Editorial: TBARTA bill back on track

Published Apr. 27, 2017

The Florida Senate gave a vital boost Thursday to Tampa Bay's efforts to modernize its outdated and inefficient transportation system. The Senate reworked a bill to put the region on stronger footing to address its transportation problems, from chronic road congestion and poor mass transit to the lack of regional commuting options. Despite a misguided effort by two bay area senators to hijack the measure, the full Senate is poised to approve the revised version today and send it to the House.

Sen. Jack Latvala, R-Clearwater, and area business leaders put the bill into motion, recognizing the need to jump-start transportation planning in the region. The bill, SB 1672, would rename the Tampa Bay Regional Transportation Authority by replacing "transportation" with "transit," an acknowledgement of the role buses, rail and other options need to play along with roads in addressing the region's congestion problems. It would reduce the number of TBARTA member-governments to the core counties of Tampa Bay, where urban congestion is worse. And it would give the agency more direction and a greater sense of urgency in planning, building and operating new transit modes throughout the region.

Two Tampa Bay Republicans — Sens. Tom Lee of Thonotosassa and Jeff Brandes of St. Petersburg — nearly poisoned the effort last week. They added requirements that any proposed rail project be subject to yet another feasibility study and be approved by the planning boards in each county and the Legislature. They also added Hernando County back into the mix and barred TBARTA from advocating for rail. These were all attempts to make it harder to craft a rail plan and build public support for it before anyone decides whether rail is the best option rather than express buses and other alternatives.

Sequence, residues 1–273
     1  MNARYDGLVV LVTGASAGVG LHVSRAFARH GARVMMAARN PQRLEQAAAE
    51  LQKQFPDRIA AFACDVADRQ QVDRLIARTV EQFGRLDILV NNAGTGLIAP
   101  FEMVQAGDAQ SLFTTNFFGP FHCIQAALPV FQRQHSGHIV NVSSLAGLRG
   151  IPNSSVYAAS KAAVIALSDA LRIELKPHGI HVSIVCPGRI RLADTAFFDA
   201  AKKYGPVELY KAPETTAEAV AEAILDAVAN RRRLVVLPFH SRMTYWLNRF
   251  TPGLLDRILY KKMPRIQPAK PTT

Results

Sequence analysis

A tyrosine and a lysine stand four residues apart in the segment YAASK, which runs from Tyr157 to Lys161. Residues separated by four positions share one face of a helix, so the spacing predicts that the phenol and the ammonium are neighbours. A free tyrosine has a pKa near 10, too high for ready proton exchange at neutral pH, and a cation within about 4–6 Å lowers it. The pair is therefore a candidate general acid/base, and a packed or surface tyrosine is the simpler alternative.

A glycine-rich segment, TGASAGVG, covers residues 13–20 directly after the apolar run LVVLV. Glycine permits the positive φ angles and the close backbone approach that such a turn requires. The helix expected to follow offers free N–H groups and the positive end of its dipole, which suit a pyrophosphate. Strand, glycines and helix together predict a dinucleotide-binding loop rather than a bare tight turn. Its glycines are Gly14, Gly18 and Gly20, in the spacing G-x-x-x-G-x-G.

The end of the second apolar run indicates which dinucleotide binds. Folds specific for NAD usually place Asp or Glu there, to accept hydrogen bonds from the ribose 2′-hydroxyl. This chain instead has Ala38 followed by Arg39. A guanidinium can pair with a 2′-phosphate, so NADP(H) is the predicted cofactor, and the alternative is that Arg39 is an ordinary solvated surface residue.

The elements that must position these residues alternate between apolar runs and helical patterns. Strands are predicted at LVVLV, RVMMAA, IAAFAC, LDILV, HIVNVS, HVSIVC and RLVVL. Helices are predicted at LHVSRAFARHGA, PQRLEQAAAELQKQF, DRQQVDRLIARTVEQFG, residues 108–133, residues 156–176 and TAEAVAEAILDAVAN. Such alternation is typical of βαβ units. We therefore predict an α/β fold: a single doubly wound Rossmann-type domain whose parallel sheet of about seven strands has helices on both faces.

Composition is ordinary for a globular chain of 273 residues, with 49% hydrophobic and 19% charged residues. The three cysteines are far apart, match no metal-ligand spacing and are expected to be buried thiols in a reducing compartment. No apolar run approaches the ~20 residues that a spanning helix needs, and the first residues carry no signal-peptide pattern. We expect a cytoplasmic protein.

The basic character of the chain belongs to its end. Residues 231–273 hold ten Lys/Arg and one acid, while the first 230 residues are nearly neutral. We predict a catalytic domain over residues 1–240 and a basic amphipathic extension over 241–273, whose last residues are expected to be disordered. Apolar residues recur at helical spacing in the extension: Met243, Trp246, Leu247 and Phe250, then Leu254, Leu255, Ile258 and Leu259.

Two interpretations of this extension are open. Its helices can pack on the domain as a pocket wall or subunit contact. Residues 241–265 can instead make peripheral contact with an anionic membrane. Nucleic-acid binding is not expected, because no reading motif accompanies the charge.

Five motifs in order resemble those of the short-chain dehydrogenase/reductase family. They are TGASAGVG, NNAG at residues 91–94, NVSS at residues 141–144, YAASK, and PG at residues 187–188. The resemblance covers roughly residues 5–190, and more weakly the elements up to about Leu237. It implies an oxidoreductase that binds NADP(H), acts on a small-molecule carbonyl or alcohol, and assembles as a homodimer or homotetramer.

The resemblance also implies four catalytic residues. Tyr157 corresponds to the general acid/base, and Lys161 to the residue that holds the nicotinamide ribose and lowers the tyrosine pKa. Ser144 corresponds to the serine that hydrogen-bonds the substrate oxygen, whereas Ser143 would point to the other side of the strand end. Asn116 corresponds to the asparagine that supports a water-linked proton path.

Latvala largely repaired the damage Thursday. He rewrote portions of the bill to clarify that approvals by the county planning boards and the Legislature are needed only for state funding of rail projects, leaving TBARTA free to work on its own for any federal or local matching dollars. He also removed the requirement that the Legislature give its blessing for rail "by an act of general law," which removes another avenue for rail opponents to undermine the effort. And Latvala loosened the gag order on TBARTA so it would be free under existing state law to offer "factual information" on any rail proposal. Elected officials on TBARTA's board still would be free to advocate for what they thought best for the community.

Hernando County still doesn't belong in TBARTA at the moment. Also, the feasibility study and other hoops are added layers that duplicate the existing process of applying for funds for rail (or buses, driverless vehicles or other transit options). But Latvala has mitigated the mischief created by Lee and Brandes, and with the legislative session ending a week from today it's better to move forward and not make the perfect the enemy of the good.

Credit the business community for stepping up to ensure this legislation did not get sidetracked. The Tampa Bay Partnership has been a major player behind the scenes; some of its most influential business leaders went to Tallahassee last week and made it clear that this legislation is a high priority for the entire region. After meeting with them, Brandes told the Times editorial board has "no problem with a regional plan" and was only trying to fill in some specifics. That sounds implausible given his deep dislike of light rail, but Brandes did not say a word Thursday when Latvala smoothed over his speed bumps.

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After the Senate approves the bill today, it will be up House Speaker Richard Corcoran, R-Land O'Lakes, to ensure the House approves the legislation next week and sends it to the governor. It's easy for bills to conveniently get lost in the shuffle in the session's final days, and Tampa Bay cannot afford to wait any longer to create a robust regional transit authority.